The apparent correlation of the events with storm systems leads us to hypothesize that they are caused by electrical discharges to the stratosphere or ionosphere.
This generated interest among certain research groups, so ground-based observatories, airborne detectors, and other space-based observatories began looking for the same thing. It is now well-known that lightning is accompanied by the production of high-energy gamma rays.
While these gamma rays are of high enough energy to induce nuclear reactions, until now there has been no conclusive evidence that such reactions are actually occurring in connection with lightning storms. However, thanks in part to a Japanese academic crowdfunding site, we now have strong evidence that lightning does, indeed, produce nuclear reactions in the atmosphere!
Nearly six years ago, I wrote about Dr. Daniel Shechtman. He had recently won the Nobel Prize in chemistry, and I wanted to highlight him because had the term been popular in his day, he would have been called a chemistry denier. His own research demonstrated the existence of quasicrystals, despite the fact that the science of the day said (quite conclusively) that they couldn’t possibly exist. He faced a lot of opposition from his fellow scientists, even though all he was doing was following the data.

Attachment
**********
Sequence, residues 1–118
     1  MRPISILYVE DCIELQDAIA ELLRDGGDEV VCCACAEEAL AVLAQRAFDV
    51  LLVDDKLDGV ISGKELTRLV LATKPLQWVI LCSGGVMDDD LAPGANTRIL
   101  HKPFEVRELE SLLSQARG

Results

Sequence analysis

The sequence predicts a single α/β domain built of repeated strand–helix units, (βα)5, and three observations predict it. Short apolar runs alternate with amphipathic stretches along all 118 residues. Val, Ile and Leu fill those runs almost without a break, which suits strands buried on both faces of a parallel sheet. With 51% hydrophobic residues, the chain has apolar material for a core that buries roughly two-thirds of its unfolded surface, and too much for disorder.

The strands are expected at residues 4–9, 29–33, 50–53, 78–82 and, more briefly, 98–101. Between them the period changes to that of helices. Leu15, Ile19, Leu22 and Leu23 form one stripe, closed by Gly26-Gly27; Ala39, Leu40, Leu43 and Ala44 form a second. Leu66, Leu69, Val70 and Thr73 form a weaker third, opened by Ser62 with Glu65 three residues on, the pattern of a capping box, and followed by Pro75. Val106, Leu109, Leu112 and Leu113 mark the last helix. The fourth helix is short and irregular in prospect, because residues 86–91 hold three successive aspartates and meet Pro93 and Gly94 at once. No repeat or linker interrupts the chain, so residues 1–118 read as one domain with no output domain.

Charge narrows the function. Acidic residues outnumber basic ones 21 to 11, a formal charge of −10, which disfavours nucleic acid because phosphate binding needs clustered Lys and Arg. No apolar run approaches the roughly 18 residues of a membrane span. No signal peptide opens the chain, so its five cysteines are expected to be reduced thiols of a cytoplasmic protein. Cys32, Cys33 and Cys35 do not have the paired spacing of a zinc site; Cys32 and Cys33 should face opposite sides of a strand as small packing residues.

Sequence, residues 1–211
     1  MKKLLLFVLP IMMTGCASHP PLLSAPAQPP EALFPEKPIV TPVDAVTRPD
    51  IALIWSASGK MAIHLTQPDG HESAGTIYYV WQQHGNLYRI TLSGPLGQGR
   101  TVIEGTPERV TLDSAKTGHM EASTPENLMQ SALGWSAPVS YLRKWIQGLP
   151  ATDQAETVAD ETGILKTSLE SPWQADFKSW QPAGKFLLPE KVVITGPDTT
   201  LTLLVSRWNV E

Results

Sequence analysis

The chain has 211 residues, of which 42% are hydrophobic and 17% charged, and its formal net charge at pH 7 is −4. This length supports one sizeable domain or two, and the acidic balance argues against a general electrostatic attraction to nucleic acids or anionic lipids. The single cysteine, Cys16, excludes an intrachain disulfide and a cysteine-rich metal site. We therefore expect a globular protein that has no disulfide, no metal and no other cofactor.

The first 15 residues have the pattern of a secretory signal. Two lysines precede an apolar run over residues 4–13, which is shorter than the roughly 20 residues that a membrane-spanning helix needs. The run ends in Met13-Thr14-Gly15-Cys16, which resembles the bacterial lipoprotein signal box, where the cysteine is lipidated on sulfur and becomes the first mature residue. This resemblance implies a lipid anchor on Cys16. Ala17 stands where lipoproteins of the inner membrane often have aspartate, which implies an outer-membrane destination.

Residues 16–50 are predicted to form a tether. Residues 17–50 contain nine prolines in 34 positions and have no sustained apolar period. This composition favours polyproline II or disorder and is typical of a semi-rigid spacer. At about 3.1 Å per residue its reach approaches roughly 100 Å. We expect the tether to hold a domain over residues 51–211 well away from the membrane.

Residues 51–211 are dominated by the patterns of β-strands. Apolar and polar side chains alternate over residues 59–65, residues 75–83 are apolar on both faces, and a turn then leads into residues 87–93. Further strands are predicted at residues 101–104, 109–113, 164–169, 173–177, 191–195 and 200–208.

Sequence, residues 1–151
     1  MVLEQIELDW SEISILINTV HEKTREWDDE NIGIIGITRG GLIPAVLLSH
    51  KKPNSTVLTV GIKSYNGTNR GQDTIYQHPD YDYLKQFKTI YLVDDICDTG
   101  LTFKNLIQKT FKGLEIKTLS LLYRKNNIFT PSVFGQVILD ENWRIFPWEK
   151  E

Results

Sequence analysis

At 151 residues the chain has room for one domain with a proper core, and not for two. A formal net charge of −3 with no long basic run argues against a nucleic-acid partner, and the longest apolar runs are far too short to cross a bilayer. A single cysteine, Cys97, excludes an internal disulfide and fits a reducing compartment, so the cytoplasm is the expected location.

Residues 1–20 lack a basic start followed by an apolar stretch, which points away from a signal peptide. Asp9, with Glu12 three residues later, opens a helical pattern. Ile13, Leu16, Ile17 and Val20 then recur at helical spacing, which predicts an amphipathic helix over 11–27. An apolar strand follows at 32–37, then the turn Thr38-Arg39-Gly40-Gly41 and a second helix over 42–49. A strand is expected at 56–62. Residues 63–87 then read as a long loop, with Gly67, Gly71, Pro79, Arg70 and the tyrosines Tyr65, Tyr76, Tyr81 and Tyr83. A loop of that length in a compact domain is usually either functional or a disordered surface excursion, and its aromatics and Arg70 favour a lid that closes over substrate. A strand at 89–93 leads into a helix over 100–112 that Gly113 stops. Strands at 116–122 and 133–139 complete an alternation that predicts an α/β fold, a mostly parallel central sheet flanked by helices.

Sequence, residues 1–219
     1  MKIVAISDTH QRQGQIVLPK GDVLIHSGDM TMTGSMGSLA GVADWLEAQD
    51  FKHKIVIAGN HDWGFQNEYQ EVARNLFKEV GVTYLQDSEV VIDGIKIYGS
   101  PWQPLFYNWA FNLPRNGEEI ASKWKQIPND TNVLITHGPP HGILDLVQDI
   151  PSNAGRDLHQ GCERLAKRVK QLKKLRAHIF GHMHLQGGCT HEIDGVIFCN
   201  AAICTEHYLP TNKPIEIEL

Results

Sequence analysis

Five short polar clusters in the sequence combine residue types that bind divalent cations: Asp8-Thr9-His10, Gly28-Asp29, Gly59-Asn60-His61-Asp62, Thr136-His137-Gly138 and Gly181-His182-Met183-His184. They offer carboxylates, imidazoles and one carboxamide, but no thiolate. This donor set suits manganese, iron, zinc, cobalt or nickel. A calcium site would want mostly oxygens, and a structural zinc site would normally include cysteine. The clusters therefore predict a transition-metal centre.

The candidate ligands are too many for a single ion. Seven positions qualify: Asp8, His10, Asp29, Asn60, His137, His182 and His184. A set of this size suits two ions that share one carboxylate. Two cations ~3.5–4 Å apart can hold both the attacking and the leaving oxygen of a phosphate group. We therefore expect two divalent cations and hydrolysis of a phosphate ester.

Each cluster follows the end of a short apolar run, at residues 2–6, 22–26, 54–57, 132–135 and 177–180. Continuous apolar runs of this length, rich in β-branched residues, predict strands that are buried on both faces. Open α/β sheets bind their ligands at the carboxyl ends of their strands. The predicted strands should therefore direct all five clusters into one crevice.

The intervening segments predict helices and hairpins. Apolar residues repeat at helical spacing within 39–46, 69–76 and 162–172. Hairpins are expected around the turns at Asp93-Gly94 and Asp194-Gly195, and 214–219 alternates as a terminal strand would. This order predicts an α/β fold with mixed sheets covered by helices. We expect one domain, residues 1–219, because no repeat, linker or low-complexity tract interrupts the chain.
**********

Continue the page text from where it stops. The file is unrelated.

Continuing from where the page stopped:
There is no such thing as quasicrystals, only quasi-scientists.
Despite the fact that the head of his own research group asked him to leave because of “bringing disgrace” to the team, Dr. Shechtman persevered, and he was eventually vindicated. Even though science conclusively said that quasicrystals don’t exist, Dr. Schechtman showed that they did.
I recently learned from one of my chemistry colleagues that the Royal Swedish Academy of Sciences wrote an article about Dr. Schechtman’s story. It is called Crystals of Golden Proportion, and if you have any interest in chemistry, you might find it worth the read. I certainly did.
The article discusses the ridicule Dr. Schechtman received from his fellow scientists, and then it makes this statement:
Dan Shechtman’s story is by no means unique. Over and over again in the history of science, researchers have been forced to do battle with established “truths”, which in hindsight have proven to be no more than mere assumptions…Keeping an open mind and daring to question established knowledge may in fact be a scientist’s most important character trait.
I have said the same things many times. Unfortunately, this obvious truth is lost on most people, including most scientists. If a scientist dares to question established truth, he or she is immediately labeled a “denier.” If you point out the uncertainty in our understanding of global climate, you are a “climate change denier.” If you question the “accepted” age of the earth, or flagellate-to-philosopher evolution, you are a “science denier.” As the Royal Swedish Academy of Sciences admits, however, the “deniers” are right in many cases, and established scientific “truths” are sometimes just incorrect assumptions.